6. #31
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    you can do a lot of cardio as long as you eat a lot of food. OK running is catabolic, but if your calories are high enough you will still gain.

    boxers do a mix of speed, strength and endurance work.

    a westside routine should be good for explosive strength,
    Never violate a woman, nor harm a child. Do not lie, cheat or steal.These things are for lesser men.Protect the weak against the evil strong.And never allow thoughts of gain to lead you into the pursuit of evil."

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  7. #32
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    The cardio that is done comes mainly from hours training. You want to look and move like a fighter train in the sport. Check out the website www.mma.tv this is a site dedicated to mixed martial arts (ultimate fighting). can't really give you specifics, i have some fighters routines at home and can put down for later on if you want. but like most things everyone is different so you have to find waht works for you.
    Teenidol1

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  8. #33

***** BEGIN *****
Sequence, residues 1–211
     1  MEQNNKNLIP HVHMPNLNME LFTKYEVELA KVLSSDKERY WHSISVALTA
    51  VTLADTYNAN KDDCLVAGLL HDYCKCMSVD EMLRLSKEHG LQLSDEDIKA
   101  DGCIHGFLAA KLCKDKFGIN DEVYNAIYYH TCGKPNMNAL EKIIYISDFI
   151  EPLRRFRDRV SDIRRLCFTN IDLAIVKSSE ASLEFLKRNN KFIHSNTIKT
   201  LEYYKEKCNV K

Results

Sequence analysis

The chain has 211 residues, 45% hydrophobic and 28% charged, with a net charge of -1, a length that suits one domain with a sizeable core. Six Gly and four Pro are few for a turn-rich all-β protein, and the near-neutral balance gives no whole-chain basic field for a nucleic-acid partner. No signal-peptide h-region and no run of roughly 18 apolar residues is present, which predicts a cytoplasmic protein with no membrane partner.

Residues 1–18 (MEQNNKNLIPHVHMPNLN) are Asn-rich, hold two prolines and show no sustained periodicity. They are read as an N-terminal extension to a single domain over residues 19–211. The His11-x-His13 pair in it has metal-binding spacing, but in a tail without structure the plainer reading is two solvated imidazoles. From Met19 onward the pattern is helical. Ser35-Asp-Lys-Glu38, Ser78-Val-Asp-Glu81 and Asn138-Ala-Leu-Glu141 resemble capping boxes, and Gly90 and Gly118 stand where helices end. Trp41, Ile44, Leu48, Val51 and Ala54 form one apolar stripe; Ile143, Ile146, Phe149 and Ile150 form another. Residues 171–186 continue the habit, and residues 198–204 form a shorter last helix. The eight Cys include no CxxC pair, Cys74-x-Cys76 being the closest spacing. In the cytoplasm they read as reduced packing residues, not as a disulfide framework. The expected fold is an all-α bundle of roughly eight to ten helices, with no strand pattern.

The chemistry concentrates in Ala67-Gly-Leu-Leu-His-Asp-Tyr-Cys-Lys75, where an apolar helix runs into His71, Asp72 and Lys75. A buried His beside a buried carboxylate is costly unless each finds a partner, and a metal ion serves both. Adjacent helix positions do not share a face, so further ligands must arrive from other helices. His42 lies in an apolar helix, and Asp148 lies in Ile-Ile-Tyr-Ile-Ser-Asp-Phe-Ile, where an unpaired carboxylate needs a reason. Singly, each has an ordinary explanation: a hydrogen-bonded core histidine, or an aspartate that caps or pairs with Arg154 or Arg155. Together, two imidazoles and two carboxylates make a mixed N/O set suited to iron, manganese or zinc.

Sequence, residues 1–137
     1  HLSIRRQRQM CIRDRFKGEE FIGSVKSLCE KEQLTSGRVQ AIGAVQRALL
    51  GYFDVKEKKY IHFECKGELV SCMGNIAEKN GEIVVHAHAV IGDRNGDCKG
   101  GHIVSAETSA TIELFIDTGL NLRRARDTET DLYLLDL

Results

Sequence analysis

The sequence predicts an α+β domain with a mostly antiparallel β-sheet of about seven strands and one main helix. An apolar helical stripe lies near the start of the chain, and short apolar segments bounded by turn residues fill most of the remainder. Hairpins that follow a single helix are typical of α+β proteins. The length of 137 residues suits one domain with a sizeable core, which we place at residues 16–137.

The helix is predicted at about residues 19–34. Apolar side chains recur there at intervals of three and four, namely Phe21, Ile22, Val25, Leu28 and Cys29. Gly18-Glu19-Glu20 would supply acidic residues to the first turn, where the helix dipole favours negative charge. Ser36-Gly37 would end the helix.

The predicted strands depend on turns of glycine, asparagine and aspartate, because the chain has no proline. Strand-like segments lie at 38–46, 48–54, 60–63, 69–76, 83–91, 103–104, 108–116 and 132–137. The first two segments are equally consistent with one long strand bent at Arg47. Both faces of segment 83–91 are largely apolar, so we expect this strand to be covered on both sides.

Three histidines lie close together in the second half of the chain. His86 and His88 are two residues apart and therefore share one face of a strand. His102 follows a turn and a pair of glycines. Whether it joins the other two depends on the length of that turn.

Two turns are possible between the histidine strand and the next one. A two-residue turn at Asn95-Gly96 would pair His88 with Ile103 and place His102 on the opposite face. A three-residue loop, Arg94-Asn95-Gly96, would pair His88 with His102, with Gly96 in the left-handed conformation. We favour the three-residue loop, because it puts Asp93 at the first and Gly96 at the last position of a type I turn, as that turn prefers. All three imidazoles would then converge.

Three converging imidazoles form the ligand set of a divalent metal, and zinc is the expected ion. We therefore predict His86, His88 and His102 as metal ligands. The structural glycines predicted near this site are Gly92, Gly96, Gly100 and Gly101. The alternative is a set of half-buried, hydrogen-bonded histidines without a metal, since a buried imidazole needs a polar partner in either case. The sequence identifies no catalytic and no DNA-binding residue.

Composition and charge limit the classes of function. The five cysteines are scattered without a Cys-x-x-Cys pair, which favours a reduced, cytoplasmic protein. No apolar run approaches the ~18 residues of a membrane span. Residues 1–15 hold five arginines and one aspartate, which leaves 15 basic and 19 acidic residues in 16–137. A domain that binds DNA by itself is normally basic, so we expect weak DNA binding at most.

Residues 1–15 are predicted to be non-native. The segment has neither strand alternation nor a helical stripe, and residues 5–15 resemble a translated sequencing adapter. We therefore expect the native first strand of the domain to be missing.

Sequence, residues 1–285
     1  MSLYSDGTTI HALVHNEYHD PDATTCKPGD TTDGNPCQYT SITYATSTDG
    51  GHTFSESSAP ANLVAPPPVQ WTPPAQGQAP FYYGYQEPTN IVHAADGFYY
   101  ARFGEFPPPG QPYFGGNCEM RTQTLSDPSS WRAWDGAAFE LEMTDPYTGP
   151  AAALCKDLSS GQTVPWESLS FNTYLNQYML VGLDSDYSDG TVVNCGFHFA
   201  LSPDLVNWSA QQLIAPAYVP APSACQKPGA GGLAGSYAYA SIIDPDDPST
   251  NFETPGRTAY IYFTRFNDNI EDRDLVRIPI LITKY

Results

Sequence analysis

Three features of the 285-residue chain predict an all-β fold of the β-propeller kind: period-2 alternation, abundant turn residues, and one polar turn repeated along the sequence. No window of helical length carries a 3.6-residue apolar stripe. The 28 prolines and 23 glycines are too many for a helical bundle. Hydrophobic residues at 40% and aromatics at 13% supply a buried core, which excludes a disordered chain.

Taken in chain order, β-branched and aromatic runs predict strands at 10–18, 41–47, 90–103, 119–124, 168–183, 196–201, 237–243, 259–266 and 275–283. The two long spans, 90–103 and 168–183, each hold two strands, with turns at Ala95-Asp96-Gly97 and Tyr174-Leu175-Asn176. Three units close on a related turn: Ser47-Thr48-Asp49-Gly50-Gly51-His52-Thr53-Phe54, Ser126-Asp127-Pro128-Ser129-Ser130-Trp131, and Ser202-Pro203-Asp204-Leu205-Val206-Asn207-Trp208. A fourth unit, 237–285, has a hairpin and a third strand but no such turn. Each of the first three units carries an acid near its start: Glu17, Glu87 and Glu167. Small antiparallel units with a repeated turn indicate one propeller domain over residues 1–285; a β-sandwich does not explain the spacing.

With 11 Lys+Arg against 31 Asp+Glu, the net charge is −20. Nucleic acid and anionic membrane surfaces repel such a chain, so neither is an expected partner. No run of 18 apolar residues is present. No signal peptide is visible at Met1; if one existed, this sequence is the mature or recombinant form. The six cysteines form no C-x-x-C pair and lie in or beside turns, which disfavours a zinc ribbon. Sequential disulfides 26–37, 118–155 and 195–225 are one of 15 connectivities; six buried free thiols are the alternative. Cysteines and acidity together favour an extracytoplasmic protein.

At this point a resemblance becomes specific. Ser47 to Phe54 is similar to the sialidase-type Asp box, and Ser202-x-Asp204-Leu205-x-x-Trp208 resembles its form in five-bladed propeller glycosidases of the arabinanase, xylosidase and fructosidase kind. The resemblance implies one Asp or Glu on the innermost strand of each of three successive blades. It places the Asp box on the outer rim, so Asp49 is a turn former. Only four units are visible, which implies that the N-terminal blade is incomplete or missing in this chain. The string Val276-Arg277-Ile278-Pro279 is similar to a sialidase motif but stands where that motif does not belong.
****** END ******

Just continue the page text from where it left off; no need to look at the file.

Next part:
Banned KingJustin's Avatar
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    I don't know why you guys are worrying him with boxing, cardio, etc. The fact is that he's 150 lbs and he wants to be a 200 lb fighter. I think he should get to at least 180 and then possibly consider something like a beginner's version of westside. I wouldn't even bother with real cardio, plyometrics, etc until you are close to your "fighting weight". A little HIIT or an occassional longer run might be fine for now but too much more is going to burn a lot of calories, make it harder to recover and lead to overtraining or not allow you to spend enough time in the gym.

  9. #34
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    Bizatch, it's true that I want to be 200lbs. However, I'm kind of worried I might lose the agility I have right now. I need to find a way where I can gain muscle mass, progressively become faster(punching/kicking, etc.) and gain more endurence.

    When I was kickboxing, I would spar some guys who were a lot bigger then me(around 200lbs, but they had little experience with martial arts) and they were so slow and sluggish. I could punch and kick much faster then they could. Whenever I saw an opening, I could slide right in and deliver a blow. Also they were winded really fast. I need to find a routine where I would gain weight steadily but still be able to kick and punch with the same speed without being winded easily. That would be swell.
    Right now I'm thinking of a nice, big, juicy burger done medium on a charcol grill with melted, extra sharp cheddar cheese, 3 strips of thick bacon, lettuce, tomato, creamy mayo on a toasted bun with a side order of freshly cut, crispy french fries, and a side order of freshly home-battered, thick, crispy onion rings with a bottle of Heinz ketcup and a large coke. Awwwwhhh....